Hundreds of thousands of people living in California farming communities may very well have been drinking nitrate-contaminated water.
Growers are worried this study will just put even more restrictions on what they believe is already highly-regulated farming but local water rights activists say nitrates are a serious concern linked to birth defects and thyroid conditions.
A new study released today by UC Davis claims flood irrigation of over fertilized crops cause an unsafe level of nitrates in South Valley drinking water.
In fact the report states agriculture is to blame for 96 percent of the contamination in the Tulare Lake basin, with fertilizer making up more than half of the pollution.
"We're really excited to see that after waiting a number of years we're finally able to have this report come about and really highlight," Maria Herrera of the Community Water Center said.
Community Water Center has spent the last ten years fighting for safer drinking water in the Central Valley, conducting numerous tests for the odorless, colorless nitrates and other toxins in rural areas where private wells aren't necessarily regulated by the state.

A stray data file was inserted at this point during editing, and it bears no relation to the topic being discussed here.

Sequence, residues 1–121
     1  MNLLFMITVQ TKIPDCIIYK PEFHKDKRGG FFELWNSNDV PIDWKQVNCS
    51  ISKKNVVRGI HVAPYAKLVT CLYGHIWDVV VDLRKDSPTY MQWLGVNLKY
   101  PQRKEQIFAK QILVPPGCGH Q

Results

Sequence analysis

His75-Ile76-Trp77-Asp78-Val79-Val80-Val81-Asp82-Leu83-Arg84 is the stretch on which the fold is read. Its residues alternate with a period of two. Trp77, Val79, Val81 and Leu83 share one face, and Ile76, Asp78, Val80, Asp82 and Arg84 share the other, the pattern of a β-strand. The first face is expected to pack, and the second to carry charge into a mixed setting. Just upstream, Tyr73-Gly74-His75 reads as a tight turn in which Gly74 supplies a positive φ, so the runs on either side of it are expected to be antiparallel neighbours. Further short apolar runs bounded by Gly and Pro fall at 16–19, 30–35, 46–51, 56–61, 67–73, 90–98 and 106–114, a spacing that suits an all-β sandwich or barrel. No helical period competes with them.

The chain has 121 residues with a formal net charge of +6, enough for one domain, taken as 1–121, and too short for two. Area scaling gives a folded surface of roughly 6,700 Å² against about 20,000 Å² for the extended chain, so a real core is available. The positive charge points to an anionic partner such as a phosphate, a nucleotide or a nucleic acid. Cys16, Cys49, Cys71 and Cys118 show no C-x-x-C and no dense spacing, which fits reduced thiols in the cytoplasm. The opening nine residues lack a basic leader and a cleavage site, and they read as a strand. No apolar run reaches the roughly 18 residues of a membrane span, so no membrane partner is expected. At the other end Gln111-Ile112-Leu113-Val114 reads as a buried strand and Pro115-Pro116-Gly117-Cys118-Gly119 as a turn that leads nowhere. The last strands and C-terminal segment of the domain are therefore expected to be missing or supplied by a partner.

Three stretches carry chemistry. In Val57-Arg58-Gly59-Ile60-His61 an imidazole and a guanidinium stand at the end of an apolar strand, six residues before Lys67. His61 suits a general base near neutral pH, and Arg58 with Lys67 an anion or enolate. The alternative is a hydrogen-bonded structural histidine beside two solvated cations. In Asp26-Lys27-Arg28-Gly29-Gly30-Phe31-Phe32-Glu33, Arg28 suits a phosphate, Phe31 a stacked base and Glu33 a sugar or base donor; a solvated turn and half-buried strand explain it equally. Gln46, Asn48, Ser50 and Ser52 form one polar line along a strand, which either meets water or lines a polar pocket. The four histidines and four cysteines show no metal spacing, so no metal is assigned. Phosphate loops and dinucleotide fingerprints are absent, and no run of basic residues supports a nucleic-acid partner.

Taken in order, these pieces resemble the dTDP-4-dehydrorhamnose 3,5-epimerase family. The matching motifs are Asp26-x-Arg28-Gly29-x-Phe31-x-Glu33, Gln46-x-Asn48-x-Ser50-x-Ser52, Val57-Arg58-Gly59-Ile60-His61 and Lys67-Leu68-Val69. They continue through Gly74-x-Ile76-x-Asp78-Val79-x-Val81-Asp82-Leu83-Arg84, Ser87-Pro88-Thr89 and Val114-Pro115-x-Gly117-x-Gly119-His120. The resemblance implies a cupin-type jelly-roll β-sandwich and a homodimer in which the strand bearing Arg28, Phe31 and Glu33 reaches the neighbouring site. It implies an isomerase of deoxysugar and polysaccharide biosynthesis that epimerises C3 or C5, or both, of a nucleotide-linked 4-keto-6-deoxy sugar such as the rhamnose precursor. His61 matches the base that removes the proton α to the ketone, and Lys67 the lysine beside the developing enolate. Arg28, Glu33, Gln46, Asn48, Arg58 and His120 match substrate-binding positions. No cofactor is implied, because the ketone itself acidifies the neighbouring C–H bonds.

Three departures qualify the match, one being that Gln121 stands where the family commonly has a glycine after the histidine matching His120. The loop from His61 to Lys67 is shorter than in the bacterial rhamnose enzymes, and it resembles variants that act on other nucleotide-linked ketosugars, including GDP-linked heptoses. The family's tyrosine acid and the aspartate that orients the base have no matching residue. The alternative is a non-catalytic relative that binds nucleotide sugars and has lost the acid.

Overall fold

In the community of Seville, constant complaints of a 100-year old water system forced Tulare County officials to take over ownership of the system. Nearby communities like Yettem and Munson were also tested as part of the study.
"All of the 13 samples came back with levels that exceeded the legal limit and really high actually. Munson has the highest nitric levels in Tulare County being at 130 when the legal limit is 45," Herrera said.
The study calls for tougher restrictions on how much fertilizer farmers can use and how they irrigate. That has growers concerned.
"Our growers are so highly regulated now that it's almost unfathomable that there could be even more regulations piled on top," Tulare County Ag Commissioner Marilyn Kinoshita said.
Kinoshita says if growers face legal limitations on fertilizer use it'll drive food prices up and hurt farmers. Plus testing of private wells is expensive.
"A lot of growers, they live here, they're using well water for their drinking water so they're just as concerned as any urbanite," Kinoshita said.
Kinoshita says farmers are already using new technology to water their crops so she hopes the issue can be resolved without enforcing more regulations on farmers.
Water rights activists, however, believe the regulations really are needed for small communities that can't even safely drink their own water.